Never Grow Up: An Interview with Photographic Artist Ruadh DeLone
One could argue that there are plenty of talented and creative artists to be found in this world, that every artist has a unique perspective and style. However, it also seems that every great once in a while, along comes an artist who breaks the normal boundaries of art far beyond his modern fellow artists. Ruadh DeLone, an artist from Rheden, Netherlands, fits into this category of a photographer/ photomanipulation artist in his own level of class. His original work is expressive, odd, thoughtful, and stunning. While some of his pieces are definitely simply artistic, others seem to be making a powerful statement about life.
from Angels series
DeLone’s photographs impressed us here at Noupe.com so much, in fact, that we decided he was one that definitely needed an interview. His answers show just how much his work seems to originate from his perspective of life and death.
Noupe/Ruadh DeLone Interview
Noupe: How would you describe your style of photography?
Ruadh: In search of the uncommon things within the common.
Noupe: When did you get started in photography?
Ruadh: I started with photography late 2007. Before that time I used to draw a lot.
Noupe: And what first drew you to this medium?
Ruadh: I just found I could make a drawing within 1/100 of a second using a camera. Never realised it before.
Noupe: From whom or where do you draw your inspiration?
Ruadh: My main inspiration I get from my own daily life. Just looking at people, news, etc. Music is also a great inspirator.
Noupe: Where does each “story” for your photographs come from?
Ruadh: The subjects that are in my mind. I think a lot about life and death, the short time we are here on this planet. I think the main reason for making images is to stop time a little bit. To freeze the moments in life and kill death.
Noupe: What would you describe as your most difficult shoot up to this point? Why was it particularly troublesome?
Ruadh: I have done a personal series called Verganglichkeiten and it was a very personal one. I found it hard to use myself as a model and trying to translate my thought into images. It’s about the hunger to stay alive and never grow old.
Noupe: What has been your favorite project and why?
Ruadh: The Never Grow Up series. It was fun to change my kids into a mix of kids and old people. It was interesting to see what small adjustments could do to faces.
Never Grow Up Series:
Noupe: Do you have a preference between a traditional darkroom versus a digital one? Why?
Ruadh: I have very little experience with the traditional darkroom so I cannot compare the two. Of course the digital offers far more playground in the postprocessing but looking at traditional photographs you can feel the soul they have. The digital ones miss that kind of feeling.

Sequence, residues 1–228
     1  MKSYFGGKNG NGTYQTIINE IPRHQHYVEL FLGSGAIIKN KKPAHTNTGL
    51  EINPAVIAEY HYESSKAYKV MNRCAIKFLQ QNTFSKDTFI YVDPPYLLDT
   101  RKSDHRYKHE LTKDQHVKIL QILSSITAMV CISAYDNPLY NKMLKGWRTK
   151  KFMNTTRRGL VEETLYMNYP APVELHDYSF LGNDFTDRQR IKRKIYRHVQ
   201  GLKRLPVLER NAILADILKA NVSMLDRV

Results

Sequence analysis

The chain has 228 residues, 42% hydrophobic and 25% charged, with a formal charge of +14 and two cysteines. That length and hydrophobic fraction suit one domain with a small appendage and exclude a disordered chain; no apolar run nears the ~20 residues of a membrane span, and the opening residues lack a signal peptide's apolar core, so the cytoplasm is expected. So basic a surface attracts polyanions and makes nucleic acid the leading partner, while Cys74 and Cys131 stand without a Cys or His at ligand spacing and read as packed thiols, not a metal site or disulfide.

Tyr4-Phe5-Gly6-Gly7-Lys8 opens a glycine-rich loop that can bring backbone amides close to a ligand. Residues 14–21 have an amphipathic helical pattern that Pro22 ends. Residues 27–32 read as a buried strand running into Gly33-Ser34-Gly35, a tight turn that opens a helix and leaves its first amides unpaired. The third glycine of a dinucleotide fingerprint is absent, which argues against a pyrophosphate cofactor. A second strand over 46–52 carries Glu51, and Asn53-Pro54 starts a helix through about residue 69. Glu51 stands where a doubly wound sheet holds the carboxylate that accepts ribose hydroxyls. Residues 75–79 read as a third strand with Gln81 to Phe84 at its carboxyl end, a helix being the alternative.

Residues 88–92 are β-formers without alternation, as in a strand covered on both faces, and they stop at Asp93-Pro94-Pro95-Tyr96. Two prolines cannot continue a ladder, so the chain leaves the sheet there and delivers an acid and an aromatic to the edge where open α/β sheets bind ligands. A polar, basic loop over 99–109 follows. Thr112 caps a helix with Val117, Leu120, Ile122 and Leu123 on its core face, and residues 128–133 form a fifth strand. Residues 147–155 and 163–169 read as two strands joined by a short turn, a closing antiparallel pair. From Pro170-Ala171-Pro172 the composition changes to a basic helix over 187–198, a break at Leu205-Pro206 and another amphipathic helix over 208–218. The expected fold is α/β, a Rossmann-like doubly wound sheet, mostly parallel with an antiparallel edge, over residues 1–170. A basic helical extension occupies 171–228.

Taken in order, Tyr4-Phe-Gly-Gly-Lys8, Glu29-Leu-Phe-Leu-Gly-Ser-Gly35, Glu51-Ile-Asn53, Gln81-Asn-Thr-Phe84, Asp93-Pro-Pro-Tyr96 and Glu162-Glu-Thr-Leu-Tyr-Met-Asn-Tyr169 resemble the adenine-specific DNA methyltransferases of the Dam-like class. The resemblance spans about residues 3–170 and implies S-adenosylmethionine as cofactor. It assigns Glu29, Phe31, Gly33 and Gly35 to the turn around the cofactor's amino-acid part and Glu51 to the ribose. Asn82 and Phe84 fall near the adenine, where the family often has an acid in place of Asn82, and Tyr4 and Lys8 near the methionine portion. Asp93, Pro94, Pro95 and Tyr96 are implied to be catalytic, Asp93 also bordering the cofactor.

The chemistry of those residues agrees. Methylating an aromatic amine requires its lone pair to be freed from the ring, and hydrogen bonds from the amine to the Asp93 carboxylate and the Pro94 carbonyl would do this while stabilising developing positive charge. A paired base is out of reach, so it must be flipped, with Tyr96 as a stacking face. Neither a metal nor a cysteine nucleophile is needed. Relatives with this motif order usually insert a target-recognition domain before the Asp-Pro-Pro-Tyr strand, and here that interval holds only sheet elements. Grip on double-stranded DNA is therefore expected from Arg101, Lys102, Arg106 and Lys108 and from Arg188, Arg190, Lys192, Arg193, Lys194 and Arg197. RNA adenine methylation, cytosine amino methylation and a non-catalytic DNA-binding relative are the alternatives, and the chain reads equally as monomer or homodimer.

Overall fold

Noupe: What is a favorite software or hardware that you currently use? Why?
Ruadh: My hardware is a Pentax K7 (camera and lenses), I use a curtain as background and don’t have all the fancy lights. Just low profile and I am very pleased with it. It gives my images a slightly strange look. The boys with all the state of the art hardware just look the same in my humble opinion. Smooth, top-notch, delicate. Beautiful but no real signature on it. That’s my opinion. The Pentax is just great to work with. It has a more crispy look compared to other big brands which I have also tried.
Noupe: Do you promote/ market your photography? If so, how?
Ruadh: I post my series on behance.net and fotoblur.com. When you get featured on Behance, it generates a lot of publicity. I think they have a great concept for the audiovisual world.
Noupe: Do you complete your work on spec or is it commissioned by clients?
Ruadh: I do a lot of personal work and seal some of it. I also work for companies. My heart lies in the personal works because it gives you complete freedom in the whole process.
Noupe: What advice would you give to undiscovered creative designers or photographers?
Ruadh: Follow your heart. Try to make your own work and don’t overpromote it. Work hard, be sure you have the drive and try to make your own style. It sounds strange but try not to find too many tutorials, try to do it all by yourself. It’s the only way you will learn everything you’ll need to become authentic.
Selected Sample Work from Ruadh
Egotrips – A Box of Self Portraits
The New Villians and Victims
New York Times, 1950